A number of research labs have also begun to test how antibodies induced by vaccines and prior infections compete against omicron. After combining the variant with blood samples from vaccinated, boosted and previously infected people, the scientists watch to see how many antibodies attack the virus.

Early data suggest that people who have received two doses of an mRNA vaccine have decreased antibody levels against omicron compared to delta, but that vaccination combined with prior infection — or vaccination plus a booster — still provides reasonable protection. Health officials are encouraging people to get booster shots to increase their defenses against omicron.

Vaccine manufacturers are also exploring ways to adjust their doses to more directly target the new variant, though small studies of Pfizer’s and Moderna’s boosters suggest these additional shots offer strong protection against omicron.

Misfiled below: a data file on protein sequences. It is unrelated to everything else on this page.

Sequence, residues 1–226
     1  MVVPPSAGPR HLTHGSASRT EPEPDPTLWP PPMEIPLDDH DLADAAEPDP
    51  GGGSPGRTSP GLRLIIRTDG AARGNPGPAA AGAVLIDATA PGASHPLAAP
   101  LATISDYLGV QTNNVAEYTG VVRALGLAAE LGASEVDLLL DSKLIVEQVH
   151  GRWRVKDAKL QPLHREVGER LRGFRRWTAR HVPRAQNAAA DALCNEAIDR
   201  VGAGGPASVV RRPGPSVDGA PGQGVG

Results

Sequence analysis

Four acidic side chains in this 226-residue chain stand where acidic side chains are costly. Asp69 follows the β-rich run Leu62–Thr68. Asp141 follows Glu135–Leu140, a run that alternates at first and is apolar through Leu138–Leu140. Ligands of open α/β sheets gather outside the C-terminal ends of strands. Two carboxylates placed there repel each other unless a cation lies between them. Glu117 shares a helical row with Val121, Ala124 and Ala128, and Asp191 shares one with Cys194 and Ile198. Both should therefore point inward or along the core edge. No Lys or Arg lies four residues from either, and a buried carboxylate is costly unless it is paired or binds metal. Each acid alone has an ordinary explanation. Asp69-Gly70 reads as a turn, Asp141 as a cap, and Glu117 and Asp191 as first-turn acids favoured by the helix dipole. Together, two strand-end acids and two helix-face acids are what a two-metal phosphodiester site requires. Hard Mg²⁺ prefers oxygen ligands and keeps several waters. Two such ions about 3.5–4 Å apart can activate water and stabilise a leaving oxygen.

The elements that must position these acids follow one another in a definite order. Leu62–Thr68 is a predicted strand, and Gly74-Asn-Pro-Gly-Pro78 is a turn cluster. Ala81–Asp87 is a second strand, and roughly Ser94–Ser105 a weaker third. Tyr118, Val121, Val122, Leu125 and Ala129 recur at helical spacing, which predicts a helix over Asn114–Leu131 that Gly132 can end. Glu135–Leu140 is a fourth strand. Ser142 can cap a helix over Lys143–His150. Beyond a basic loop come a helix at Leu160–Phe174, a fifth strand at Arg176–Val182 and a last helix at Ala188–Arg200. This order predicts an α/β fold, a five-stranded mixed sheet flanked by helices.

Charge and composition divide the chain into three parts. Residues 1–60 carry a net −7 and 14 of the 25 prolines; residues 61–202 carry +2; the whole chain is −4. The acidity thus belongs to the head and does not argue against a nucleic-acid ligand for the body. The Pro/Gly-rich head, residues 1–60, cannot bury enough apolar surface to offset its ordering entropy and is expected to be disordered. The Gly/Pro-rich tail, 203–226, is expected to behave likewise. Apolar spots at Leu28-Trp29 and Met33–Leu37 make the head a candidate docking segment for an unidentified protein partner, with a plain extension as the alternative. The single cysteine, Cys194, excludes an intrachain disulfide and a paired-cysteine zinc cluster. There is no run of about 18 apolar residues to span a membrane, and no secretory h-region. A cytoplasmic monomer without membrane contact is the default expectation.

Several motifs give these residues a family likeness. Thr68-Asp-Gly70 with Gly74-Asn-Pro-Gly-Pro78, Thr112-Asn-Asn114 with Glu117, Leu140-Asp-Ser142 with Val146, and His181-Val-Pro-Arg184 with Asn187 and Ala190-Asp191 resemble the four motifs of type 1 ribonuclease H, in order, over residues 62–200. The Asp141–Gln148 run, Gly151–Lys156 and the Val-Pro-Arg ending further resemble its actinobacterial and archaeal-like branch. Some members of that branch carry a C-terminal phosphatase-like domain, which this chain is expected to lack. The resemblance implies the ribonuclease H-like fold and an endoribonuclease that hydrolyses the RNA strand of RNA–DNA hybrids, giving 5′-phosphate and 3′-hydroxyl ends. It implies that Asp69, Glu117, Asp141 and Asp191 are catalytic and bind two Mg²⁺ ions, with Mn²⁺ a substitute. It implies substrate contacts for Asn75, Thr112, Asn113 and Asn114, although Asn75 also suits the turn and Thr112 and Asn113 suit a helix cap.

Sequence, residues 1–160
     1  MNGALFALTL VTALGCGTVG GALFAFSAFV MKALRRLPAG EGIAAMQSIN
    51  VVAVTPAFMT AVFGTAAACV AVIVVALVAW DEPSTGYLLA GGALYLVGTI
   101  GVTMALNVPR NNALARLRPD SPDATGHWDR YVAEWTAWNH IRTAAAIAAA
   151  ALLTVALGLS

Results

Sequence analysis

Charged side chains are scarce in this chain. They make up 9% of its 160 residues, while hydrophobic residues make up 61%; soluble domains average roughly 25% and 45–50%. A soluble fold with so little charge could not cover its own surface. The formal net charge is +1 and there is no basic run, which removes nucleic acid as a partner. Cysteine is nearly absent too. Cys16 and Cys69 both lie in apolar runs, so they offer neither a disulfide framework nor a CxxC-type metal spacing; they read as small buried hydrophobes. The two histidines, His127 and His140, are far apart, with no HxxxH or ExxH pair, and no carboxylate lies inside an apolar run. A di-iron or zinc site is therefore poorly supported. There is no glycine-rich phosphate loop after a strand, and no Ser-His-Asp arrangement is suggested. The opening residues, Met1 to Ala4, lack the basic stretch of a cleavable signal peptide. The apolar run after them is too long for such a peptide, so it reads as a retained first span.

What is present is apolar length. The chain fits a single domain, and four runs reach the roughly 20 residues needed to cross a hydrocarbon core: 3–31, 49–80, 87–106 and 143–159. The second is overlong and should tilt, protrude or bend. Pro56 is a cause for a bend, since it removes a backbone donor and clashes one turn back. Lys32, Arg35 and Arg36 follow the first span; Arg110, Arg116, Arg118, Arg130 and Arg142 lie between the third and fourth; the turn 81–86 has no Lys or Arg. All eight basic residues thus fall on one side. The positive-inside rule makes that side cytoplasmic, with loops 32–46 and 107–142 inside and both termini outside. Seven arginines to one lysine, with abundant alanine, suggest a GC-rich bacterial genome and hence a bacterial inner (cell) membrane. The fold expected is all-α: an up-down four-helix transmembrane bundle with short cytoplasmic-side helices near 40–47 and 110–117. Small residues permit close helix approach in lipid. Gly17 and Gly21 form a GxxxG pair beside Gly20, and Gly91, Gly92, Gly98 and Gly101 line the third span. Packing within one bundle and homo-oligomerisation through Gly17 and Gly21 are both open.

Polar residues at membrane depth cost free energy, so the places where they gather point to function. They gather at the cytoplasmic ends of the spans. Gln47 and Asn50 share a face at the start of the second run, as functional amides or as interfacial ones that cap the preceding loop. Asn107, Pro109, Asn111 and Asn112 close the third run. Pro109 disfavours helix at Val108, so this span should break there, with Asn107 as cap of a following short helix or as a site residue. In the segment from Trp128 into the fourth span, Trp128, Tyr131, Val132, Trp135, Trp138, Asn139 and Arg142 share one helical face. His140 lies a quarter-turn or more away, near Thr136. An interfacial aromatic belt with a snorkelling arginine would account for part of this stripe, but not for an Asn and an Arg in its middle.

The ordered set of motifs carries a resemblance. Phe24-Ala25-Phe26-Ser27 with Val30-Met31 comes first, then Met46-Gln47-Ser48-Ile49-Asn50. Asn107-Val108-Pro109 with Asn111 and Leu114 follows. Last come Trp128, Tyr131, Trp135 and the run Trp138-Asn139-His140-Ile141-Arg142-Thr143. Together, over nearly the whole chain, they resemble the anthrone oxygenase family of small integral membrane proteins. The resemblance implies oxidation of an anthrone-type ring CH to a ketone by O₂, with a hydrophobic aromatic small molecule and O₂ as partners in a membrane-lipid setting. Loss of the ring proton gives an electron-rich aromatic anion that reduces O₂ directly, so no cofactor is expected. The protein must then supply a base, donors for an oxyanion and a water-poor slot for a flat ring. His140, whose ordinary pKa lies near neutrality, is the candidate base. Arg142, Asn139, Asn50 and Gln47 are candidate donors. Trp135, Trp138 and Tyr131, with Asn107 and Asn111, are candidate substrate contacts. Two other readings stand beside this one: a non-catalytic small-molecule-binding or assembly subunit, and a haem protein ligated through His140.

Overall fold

Antibodies are just one component of the body’s immune system. T cells, another line of defense against the virus, are thought to be more protective against severe illness. Several researchers have shown that T cells are still likely to recognize omicron and maintain their protective power against severe disease, hospitalization and death, even as the virus mutates.

Scientists must also monitor how effective vaccines and booster doses are in the real world, because lab tests can’t recreate the full complexity of the human immune system. In contrast to lab studies, vaccine effectiveness studies follow large numbers of people over an extended period of time.

As more omicron cases emerge, researchers will work to estimate the effectiveness of different combinations of vaccines and boosters across different age groups. It will most likely take months to glean all these answers.

Determine the variant’s severity